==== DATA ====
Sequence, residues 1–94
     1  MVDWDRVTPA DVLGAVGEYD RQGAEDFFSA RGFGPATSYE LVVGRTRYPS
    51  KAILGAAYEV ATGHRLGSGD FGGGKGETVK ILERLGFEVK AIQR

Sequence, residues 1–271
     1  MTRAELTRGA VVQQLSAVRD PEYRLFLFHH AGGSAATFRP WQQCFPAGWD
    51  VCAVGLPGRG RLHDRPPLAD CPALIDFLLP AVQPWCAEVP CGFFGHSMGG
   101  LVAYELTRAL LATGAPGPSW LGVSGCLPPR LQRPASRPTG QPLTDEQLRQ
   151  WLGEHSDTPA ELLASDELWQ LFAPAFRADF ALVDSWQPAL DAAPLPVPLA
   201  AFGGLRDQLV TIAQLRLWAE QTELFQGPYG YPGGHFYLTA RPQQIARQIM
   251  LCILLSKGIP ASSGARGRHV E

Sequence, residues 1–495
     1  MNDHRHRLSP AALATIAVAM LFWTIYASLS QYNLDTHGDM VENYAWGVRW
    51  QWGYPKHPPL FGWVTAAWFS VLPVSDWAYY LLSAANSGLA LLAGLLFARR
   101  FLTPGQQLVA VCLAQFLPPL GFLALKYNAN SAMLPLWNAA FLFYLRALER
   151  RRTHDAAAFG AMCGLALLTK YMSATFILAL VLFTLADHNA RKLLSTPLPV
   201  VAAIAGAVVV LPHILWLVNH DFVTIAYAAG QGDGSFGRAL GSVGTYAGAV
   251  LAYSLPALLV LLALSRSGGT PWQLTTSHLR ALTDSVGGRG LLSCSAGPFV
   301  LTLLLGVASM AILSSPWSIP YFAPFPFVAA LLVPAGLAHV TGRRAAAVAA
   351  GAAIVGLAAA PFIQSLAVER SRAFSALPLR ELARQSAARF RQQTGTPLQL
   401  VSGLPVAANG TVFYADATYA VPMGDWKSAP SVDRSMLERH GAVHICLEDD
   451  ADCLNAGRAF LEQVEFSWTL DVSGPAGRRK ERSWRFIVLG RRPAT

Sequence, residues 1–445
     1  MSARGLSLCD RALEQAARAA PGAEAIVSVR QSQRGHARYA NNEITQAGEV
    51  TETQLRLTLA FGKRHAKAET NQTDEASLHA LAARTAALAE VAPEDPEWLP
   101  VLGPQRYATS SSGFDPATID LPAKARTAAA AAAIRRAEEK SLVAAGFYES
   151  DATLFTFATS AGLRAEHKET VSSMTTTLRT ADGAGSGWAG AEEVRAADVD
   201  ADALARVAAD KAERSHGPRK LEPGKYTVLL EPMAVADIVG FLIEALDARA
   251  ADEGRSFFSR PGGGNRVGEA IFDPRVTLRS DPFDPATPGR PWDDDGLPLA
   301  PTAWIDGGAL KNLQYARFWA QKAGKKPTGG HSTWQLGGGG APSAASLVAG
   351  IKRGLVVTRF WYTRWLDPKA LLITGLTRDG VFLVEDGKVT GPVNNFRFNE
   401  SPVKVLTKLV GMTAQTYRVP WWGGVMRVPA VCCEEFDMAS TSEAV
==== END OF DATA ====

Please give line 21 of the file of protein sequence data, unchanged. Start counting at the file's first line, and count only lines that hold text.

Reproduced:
   451  ADCLNAGRAF LEQVEFSWTL DVSGPAGRRK ERSWRFIVLG RRPAT